The Italians were matching their hosts every inch of the way when both Bucci and de Lorenzo also returned with a second clean sheet, but when Bicocchi’s gelding, Ares, hit both the opening oxer and the bogey Furusiyya oxer then there was plenty of pressure on Chimirri second time out. Only a clear would be good enough, and once he produced it with the nine-year-old Tower Mouche then it was down to a third-round jump-off.
Lynch was first to go against the clock with the big-striding All Star, but, galloping down to the last on a long stride, the 13-year-old stallion suddenly veered left, and the Irish were hampered by a six-fault penalty as Bucci returned to the ring to take his chance. You could hear a pin drop as he set off, but the 40-year-old who helped Italy to European team silver in Windsor (GBR) in 2009 stayed cool and careful to come home just inside the time.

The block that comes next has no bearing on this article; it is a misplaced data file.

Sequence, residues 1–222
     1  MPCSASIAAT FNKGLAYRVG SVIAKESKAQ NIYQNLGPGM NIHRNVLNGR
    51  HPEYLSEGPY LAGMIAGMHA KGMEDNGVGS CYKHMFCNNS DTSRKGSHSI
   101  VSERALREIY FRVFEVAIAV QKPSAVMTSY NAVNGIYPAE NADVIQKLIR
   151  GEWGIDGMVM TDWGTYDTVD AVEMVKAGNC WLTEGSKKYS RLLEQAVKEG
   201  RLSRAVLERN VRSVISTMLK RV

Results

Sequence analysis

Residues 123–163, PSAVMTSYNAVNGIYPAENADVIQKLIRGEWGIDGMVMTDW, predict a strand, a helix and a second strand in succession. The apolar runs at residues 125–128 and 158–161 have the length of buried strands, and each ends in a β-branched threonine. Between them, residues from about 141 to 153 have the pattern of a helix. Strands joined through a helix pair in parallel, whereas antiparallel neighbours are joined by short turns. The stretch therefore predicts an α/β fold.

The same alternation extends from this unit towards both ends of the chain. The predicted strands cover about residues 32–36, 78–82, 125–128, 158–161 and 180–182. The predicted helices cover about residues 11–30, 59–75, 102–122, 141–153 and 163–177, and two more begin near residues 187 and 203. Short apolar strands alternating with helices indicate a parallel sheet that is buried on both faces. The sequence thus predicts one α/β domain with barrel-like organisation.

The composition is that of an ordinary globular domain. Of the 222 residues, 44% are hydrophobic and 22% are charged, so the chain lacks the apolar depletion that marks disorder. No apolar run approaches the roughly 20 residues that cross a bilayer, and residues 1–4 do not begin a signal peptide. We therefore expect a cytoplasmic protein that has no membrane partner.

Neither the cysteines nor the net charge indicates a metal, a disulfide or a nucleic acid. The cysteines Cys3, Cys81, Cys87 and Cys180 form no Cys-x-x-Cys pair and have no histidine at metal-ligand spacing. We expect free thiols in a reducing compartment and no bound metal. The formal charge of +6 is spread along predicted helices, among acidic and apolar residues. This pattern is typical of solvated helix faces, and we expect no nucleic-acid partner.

Lynch was hard on himself in the aftermath.
“That’s something that All Star has never done” he said, referring to the run-out at the final fence in the jump-off. “I probably could have made a stride more, I wanted to put pressure on the Italians. Obviously I’m very very disappointed, but it’s one of those things – I want to apologise to my team, I let them down” he insisted.
Italy’s Piergiorgio Bucci realised that his jump-off round had been a little slow. “I was supposed to go a bit faster!” he admitted afterwards. “Denis did a great jump-off but it was unlucky for him while it was lucky for me, and the Irish team did a great job” he added.